We have a lovely dilemma but would really appreciate any feedback from current Dartford Grammar (boys) parents....
My son scored highly in Kent and Bexley and we have narrowed down our top two choices to Dartford and the Judd, with Dartford currrently top of his list. We live near Orpington but didn't feel that any of our closer options were a good 'fit' for him. He would take the school coach to Dartford, a long but straightforward journey.
Academically it looks great and we have been impressed with their open events. However, does anyone have any views - good or bad - on pastoral care and general well-being of the boys? Are staff alert to signs of stress or problems? Are boys helped along if struggling with a subject? Are boys generally competitive (academically) or supportive of each other? Is classroom behaviour generally good? Are the shy ones given space to find their feet or are they thrust into activities to 'bring them out of their shells'?
Apologies for all the questions - would be so helpful to hear any first hand experiences before we submit our CAF.
I guess you have been to see them all? Tonight is the last open evening. Have you worked out the logistics? Is one school easier to get to than the other?
My son goes to Dartford Grammar and he is very happy there. We are out of area, but his journey is direct and easy on the train. He also travels with friends and this is great for him. I know there are boys from Orpington who travel by coach. I believe the coach leaves them at the school early and they have time to play football before classes start. The journey by coach and the early drop off can give great opportunities for socialising.
In spite of being from out of area, my son has made great friends and they often meet at Bluewater during the holidays. I think it depends on the child.
About the school itself, well, it is great. I like the fact that it is a truly international school were languages and science are very important. Dartford Grammar is one of few schools were ALL students are entered to take TWO languages at GCSE level. So, their statistics are not just great scores for the few who got entered for the exam. Many schools manipulate their results by not letting children sit exams they may either fail or not get the results they want. They are very professional, conscientious and very well organised. The teachers are excellent and treat the children well. Having said that, discipline is also enforced and at the beginning, the teachers appear to be very strict. They loosen up later!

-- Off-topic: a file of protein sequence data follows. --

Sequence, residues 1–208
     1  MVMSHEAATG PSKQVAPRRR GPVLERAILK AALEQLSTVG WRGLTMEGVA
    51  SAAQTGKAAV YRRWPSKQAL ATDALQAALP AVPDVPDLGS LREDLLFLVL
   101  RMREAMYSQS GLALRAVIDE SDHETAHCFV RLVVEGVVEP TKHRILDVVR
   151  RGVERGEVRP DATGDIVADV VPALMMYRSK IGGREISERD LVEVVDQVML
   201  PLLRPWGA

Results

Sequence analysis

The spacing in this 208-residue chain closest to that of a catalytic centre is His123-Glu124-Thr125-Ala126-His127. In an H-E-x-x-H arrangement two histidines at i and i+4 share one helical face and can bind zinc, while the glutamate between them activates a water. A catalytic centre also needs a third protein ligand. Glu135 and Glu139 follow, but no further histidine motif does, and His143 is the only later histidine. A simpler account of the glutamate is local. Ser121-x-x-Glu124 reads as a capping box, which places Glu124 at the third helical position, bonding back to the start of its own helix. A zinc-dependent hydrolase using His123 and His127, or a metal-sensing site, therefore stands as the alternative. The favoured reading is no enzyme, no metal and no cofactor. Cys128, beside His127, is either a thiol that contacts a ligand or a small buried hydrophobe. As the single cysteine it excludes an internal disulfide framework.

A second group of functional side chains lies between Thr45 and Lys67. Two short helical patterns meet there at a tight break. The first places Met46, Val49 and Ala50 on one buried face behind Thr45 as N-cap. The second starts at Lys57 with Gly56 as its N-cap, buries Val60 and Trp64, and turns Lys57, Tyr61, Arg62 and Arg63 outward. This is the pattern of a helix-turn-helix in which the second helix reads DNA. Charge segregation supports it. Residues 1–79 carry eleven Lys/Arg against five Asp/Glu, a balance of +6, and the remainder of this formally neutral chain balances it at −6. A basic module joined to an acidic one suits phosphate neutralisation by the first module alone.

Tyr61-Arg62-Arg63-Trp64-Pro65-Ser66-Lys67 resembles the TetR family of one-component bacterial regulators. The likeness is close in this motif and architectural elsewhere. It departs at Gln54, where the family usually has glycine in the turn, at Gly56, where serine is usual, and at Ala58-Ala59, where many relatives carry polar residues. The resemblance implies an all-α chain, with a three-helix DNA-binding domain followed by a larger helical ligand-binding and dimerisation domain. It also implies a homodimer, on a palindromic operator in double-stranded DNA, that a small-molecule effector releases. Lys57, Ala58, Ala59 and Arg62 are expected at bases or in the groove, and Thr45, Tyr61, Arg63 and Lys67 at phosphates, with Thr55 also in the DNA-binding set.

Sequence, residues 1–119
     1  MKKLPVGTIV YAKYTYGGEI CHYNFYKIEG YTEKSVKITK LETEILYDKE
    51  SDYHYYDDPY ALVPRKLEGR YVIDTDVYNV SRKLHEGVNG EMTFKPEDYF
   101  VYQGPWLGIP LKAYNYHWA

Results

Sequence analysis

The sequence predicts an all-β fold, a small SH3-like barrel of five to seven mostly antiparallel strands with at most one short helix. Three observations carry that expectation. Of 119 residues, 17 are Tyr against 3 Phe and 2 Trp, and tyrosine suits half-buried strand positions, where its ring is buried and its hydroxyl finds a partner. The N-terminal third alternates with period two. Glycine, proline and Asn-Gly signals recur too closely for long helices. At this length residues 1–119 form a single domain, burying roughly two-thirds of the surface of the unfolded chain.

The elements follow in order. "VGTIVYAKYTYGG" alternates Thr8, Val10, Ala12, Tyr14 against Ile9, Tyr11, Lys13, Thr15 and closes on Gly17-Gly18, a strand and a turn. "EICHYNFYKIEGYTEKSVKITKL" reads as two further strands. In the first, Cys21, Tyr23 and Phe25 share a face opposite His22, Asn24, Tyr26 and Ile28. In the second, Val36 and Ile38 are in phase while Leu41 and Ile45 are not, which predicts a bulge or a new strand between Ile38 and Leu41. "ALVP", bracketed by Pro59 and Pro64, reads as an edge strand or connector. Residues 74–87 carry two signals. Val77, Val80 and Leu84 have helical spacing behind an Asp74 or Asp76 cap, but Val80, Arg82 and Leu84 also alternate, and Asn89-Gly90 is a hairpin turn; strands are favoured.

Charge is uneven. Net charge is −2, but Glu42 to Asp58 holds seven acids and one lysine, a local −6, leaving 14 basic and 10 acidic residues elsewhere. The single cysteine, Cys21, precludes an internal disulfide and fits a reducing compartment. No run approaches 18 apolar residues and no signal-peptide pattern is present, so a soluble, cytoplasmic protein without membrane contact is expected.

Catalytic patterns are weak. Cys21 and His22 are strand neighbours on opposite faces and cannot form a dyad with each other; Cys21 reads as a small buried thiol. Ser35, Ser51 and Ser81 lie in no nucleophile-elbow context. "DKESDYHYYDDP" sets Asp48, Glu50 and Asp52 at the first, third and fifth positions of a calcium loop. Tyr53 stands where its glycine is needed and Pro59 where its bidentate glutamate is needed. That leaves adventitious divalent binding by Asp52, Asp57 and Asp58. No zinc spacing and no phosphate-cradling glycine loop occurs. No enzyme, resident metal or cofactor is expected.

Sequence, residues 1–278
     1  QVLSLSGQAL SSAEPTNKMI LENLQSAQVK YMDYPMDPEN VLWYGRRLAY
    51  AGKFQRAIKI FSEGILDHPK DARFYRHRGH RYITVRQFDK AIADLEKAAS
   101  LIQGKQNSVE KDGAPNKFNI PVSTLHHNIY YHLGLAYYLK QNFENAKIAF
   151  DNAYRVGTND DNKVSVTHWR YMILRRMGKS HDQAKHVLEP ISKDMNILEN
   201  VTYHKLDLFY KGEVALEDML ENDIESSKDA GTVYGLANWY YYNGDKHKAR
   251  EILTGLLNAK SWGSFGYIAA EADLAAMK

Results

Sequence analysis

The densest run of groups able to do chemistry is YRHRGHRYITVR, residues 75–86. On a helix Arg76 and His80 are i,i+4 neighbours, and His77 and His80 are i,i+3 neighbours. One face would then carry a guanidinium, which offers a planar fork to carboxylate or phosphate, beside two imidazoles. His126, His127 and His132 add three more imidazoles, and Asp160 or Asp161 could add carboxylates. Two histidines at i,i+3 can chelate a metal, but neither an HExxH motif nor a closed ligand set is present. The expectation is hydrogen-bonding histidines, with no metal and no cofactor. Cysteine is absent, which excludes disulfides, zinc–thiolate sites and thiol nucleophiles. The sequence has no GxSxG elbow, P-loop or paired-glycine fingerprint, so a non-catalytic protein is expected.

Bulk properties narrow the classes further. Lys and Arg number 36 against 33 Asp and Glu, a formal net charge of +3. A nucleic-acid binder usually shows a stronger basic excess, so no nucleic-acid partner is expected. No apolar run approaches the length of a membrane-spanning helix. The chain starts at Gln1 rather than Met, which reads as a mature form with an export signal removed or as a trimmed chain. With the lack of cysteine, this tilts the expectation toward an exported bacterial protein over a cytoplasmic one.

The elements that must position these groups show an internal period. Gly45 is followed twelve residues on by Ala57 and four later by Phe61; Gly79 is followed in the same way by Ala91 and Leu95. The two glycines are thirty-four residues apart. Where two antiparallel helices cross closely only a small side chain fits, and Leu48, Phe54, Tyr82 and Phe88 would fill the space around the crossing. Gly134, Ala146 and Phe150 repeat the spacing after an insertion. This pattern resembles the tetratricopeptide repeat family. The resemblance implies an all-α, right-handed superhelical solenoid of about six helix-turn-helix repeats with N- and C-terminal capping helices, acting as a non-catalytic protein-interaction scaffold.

There are lots of school clubs and the boys are encouraged to attend at least one. All clubs are free.
They test them regularly and give them grades for effort as well as attainment. Should your child's grades, behaviour or effort slip in any way, the teacher will phone you immediately! I really liked the personal touch that the headmaster reads and sings all reports. I was even more impressed to see a handwritten comment from the head to my son.
At the school they are very keen on rugby and all students in year seven must attend rugby practice on Saturdays for the first few months.
You may also know that they do the International Baccalaureate.
Do you have other sons? At Dartford there is no sibling policy and if you are out of area, your other son would need to achieve a high score. This, of course, may not be an issue for you.
About pastoral care, the teacher in charge is very nice. All the teachers treated my son very well when we had a family crisis with both my husband and I spending a long time at hospital when my younger son was in hospital following an accident.
About the boys being competitive, most of them are. To quote the headmaster "Life is a competition". The odd thing is that they do not divide children into sets and to quote the headmaster again "All our children are gifted". Having said that, some are more "gifted" than others and if you do well in a subject, they put you on a "gifted and talented" program for that subject. Your son then would participate in activities which will stretch him. These sessions normally combine more than one subject and your son would have to catch up on the lessons he may miss.
My son is an extrovert, so, I would not know what would happen to a shy boy. Most of his friends are extroverts, but I can think of one who definitely seems shy. Normally, whilst they are in year 6, one of the head assistants or deputies visits the boys and asks them a lot of questions about their personality and the subjects they enjoy or not enjoy so much. This, I believe, is to place them in their houses with like minded children. I have asked my son whether there is anyone without friends in his class and he says that there is one boy who is quite demanding and can be unpleasant, but even he has a friend.
At the end of the day, you need to find what is best for your son. League tables and statistics do not mean anything as they do not predict how well your son will do or how happy he will be.
I don't know what else to tell you, but feel free to ask anything else. Whatever you decide, I think will be a good choice.